US4274262A - Thermoelectric jug cooler and control circuit - Google Patents

Thermoelectric jug cooler and control circuit Download PDF

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Publication number
US4274262A
US4274262A US06132696 US13269680A US4274262A US 4274262 A US4274262 A US 4274262A US 06132696 US06132696 US 06132696 US 13269680 A US13269680 A US 13269680A US 4274262 A US4274262 A US 4274262A
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Prior art keywords
means
heat
thermoelectric
conductor
exchanger
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US06132696
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USD297770S (en )
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Michael A. Reed
Ian Hatcher
Kingstone L. H. Reed
William Danchuk
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KOOLATRON IND Ltd
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KOOLATRON IND Ltd
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    • FMECHANICAL ENGINEERING; LIGHTING; HEATING; WEAPONS; BLASTING
    • F25REFRIGERATION OR COOLING; COMBINED HEATING AND REFRIGERATION SYSTEMS; HEAT PUMP SYSTEMS; MANUFACTURE OR STORAGE OF ICE; LIQUEFACTION SOLIDIFICATION OF GASES
    • F25BREFRIGERATION MACHINES, PLANTS OR SYSTEMS; COMBINED HEATING AND REFRIGERATION SYSTEMS; HEAT-PUMP SYSTEMS
    • F25B21/00Machines, plant, or systems, using electric or magnetic effects
    • F25B21/02Machines, plant, or systems, using electric or magnetic effects using Peltier effect; using Nernst-Ettinghausen effect
    • FMECHANICAL ENGINEERING; LIGHTING; HEATING; WEAPONS; BLASTING
    • F25REFRIGERATION OR COOLING; COMBINED HEATING AND REFRIGERATION SYSTEMS; HEAT PUMP SYSTEMS; MANUFACTURE OR STORAGE OF ICE; LIQUEFACTION SOLIDIFICATION OF GASES
    • F25DREFRIGERATORS; COLD ROOMS; ICE-BOXES; COOLING OR FREEZING APPARATUS NOT COVERED BY ANY OTHER SUBCLASS
    • F25D11/00Self-contained movable devices, e.g. domestic refrigerators
    • FMECHANICAL ENGINEERING; LIGHTING; HEATING; WEAPONS; BLASTING
    • F25REFRIGERATION OR COOLING; COMBINED HEATING AND REFRIGERATION SYSTEMS; HEAT PUMP SYSTEMS; MANUFACTURE OR STORAGE OF ICE; LIQUEFACTION SOLIDIFICATION OF GASES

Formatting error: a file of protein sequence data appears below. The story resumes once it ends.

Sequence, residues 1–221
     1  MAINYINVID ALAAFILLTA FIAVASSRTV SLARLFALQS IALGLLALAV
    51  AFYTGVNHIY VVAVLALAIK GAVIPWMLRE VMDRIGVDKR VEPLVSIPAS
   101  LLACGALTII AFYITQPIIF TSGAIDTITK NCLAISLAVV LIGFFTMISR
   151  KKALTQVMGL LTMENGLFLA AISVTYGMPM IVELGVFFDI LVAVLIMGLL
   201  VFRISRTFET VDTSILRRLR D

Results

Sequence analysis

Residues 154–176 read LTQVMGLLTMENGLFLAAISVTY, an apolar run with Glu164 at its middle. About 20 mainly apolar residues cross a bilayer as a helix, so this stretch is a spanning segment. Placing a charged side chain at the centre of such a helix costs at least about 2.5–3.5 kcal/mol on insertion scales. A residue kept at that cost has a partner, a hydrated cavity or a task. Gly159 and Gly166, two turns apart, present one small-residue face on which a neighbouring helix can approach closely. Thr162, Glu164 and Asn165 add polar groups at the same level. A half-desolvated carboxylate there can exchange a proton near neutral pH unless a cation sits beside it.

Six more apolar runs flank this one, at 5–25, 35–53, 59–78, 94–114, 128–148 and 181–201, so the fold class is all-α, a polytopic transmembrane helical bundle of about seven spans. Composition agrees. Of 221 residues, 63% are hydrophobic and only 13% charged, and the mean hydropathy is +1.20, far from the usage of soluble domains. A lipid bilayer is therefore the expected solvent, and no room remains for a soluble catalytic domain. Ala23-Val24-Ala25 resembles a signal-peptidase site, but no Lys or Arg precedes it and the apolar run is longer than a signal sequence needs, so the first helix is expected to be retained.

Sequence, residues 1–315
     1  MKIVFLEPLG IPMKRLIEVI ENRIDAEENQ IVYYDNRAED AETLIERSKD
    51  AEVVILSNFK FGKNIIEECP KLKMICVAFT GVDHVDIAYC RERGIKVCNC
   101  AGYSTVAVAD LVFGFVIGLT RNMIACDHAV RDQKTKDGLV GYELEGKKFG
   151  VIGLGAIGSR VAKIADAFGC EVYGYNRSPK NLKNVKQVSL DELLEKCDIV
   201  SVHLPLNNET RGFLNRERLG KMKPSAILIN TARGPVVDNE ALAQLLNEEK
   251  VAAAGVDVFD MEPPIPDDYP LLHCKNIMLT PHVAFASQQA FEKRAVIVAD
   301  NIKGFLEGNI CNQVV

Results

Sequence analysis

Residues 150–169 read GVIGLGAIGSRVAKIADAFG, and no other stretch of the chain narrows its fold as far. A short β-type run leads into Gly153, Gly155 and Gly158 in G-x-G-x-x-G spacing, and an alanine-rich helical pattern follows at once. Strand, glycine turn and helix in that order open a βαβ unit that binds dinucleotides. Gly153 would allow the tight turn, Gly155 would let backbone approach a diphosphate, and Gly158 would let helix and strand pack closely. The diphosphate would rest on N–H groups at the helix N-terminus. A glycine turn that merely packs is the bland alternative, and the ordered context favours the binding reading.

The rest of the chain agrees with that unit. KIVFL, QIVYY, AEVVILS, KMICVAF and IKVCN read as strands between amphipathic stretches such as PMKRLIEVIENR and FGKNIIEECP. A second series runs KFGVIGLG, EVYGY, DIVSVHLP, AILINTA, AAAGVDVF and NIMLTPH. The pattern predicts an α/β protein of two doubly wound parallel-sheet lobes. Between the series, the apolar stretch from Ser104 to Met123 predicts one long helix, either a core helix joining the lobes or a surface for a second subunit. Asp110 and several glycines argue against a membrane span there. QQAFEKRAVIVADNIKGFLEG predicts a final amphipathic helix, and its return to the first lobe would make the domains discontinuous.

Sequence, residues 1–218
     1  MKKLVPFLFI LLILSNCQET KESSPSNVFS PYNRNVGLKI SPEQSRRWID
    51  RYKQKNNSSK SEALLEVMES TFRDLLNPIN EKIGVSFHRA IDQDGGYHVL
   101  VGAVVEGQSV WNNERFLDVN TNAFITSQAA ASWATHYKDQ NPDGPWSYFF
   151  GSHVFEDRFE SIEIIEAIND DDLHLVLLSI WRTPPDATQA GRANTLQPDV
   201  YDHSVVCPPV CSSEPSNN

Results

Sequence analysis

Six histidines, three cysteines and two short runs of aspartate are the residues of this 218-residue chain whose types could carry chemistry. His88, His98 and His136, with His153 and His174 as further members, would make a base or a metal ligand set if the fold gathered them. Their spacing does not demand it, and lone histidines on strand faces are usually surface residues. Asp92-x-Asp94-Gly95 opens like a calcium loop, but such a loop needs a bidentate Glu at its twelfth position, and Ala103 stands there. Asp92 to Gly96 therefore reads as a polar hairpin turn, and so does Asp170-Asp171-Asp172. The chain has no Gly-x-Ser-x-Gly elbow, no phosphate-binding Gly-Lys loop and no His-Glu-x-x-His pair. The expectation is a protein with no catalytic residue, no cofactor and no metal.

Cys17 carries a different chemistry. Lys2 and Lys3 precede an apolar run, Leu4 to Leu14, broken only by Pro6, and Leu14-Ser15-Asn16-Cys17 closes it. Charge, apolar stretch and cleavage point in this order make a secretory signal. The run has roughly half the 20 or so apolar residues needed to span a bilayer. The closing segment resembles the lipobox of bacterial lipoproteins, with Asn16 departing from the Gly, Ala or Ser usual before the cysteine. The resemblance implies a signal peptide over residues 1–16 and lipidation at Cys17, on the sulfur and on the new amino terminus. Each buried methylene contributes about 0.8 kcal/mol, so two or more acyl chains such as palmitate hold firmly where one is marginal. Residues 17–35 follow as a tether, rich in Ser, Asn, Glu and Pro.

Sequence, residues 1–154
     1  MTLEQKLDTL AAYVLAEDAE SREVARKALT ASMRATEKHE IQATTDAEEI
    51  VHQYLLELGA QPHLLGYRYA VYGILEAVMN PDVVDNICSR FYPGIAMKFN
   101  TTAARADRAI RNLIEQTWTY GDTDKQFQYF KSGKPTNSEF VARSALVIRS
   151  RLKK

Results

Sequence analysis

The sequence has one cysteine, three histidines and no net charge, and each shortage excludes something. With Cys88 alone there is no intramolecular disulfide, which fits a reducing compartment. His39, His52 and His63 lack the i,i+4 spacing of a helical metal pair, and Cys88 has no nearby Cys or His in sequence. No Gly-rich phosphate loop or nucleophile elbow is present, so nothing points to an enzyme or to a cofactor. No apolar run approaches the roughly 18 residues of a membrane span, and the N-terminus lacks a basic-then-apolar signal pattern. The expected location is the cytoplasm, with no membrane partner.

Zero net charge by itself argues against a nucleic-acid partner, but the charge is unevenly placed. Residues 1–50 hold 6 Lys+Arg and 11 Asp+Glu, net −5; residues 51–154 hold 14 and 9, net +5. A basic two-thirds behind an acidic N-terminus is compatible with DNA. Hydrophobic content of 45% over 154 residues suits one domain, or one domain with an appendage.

• F25BREFRIGERATION MACHINES, PLANTS OR SYSTEMS; COMBINED HEATING AND REFRIGERATION SYSTEMS; HEAT-PUMP SYSTEMS
    • F25B2321/00Details of machines, plants, or systems, using electric or magnetic effects
    • F25B2321/02Details of machines, plants, or systems, using electric or magnetic effects using Peltier effects; using Nernst-Ettinghausen effects
    • F25B2321/021Control thereof
    • F25B2321/0212Control thereof of electric power, current or voltage
    • FMECHANICAL ENGINEERING; LIGHTING; HEATING; WEAPONS; BLASTING
    • F25REFRIGERATION OR COOLING; COMBINED HEATING AND REFRIGERATION SYSTEMS; HEAT PUMP SYSTEMS; MANUFACTURE OR STORAGE OF ICE; LIQUEFACTION SOLIDIFICATION OF GASES
    • F25BREFRIGERATION MACHINES, PLANTS OR SYSTEMS; COMBINED HEATING AND REFRIGERATION SYSTEMS; HEAT-PUMP SYSTEMS
    • F25B2321/00Details of machines, plants, or systems, using electric or magnetic effects
    • F25B2321/02Details of machines, plants, or systems, using electric or magnetic effects using Peltier effects; using Nernst-Ettinghausen effects
    • F25B2321/025Removal of heat
    • F25B2321/0251Removal of heat by a gas
    • FMECHANICAL ENGINEERING; LIGHTING; HEATING; WEAPONS; BLASTING
    • F25REFRIGERATION OR COOLING; COMBINED HEATING AND REFRIGERATION SYSTEMS; HEAT PUMP SYSTEMS; MANUFACTURE OR STORAGE OF ICE; LIQUEFACTION SOLIDIFICATION OF GASES
    • F25DREFRIGERATORS; COLD ROOMS; ICE-BOXES; COOLING OR FREEZING APPARATUS NOT COVERED BY ANY OTHER SUBCLASS
    • F25D2331/00Details or arrangements of other cooling or freezing apparatus not provided for in other groups of this subclass
    • F25D2331/80Type of cooled receptacles
    • F25D2331/806Dispensers
    • FMECHANICAL ENGINEERING; LIGHTING; HEATING; WEAPONS; BLASTING
    • F25REFRIGERATION OR COOLING; COMBINED HEATING AND REFRIGERATION SYSTEMS; HEAT PUMP SYSTEMS; MANUFACTURE OR STORAGE OF ICE; LIQUEFACTION SOLIDIFICATION OF GASES
    • F25DREFRIGERATORS; COLD ROOMS; ICE-BOXES; COOLING OR FREEZING APPARATUS NOT COVERED BY ANY OTHER SUBCLASS
    • F25D31/00Other cooling or freezing apparatus
    • F25D31/006Other cooling or freezing apparatus specially adapted for cooling receptacles, e.g. tanks
    • F25D31/007Bottles or cans

Abstract

A thermoelectric cooler includes a base unit having an internal heat exchanger located on the upper surface of the base unit and an external heat exchanger disposed in a duct which is located in lower compartment of the base unit. A thermoelectric module transfers heat from the internal heat exchanger to the external heat exchanger. A fan located in the duct blows outside air through the fins of the external heat exchanger. The internal heat exchanger supports a pair of vessels containing liquid to be cooled. An insulated cover unit has a lower peripheral edge which contacts the peripheral lip of the base unit to completely seal the compartment in which the jugs are contained. Each vessel has a spigot which extends through a respective opening in the base unit from the lower portion of that vessel. A pair of stirring mechanisms extend through the top of the cover unit through the lids of the respective vessels to permit stirring of the fluid.

Description

BACKGROUND OF THE INVENTION

1. Field of the Invention